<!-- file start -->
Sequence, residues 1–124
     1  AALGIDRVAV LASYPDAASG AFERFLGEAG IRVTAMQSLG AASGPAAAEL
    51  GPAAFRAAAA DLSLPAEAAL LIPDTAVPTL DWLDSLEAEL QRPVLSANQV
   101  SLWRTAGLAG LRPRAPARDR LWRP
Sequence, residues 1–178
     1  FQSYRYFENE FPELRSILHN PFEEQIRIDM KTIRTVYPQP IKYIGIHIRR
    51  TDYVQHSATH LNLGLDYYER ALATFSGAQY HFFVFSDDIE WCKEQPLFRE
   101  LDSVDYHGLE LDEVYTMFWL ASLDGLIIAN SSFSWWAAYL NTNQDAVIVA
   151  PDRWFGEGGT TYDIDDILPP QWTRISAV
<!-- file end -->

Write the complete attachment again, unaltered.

Sequence, residues 1–124
     1  AALGIDRVAV LASYPDAASG AFERFLGEAG IRVTAMQSLG AASGPAAAEL
    51  GPAAFRAAAA DLSLPAEAAL LIPDTAVPTL DWLDSLEAEL QRPVLSANQV
   101  SLWRTAGLAG LRPRAPARDR LWRP
Sequence, residues 1–178
     1  FQSYRYFENE FPELRSILHN PFEEQIRIDM KTIRTVYPQP IKYIGIHIRR
    51  TDYVQHSATH LNLGLDYYER ALATFSGAQY HFFVFSDDIE WCKEQPLFRE
   101  LDSVDYHGLE LDEVYTMFWL ASLDGLIIAN SSFSWWAAYL NTNQDAVIVA
   151  PDRWFGEGGT TYDIDDILPP QWTRISAV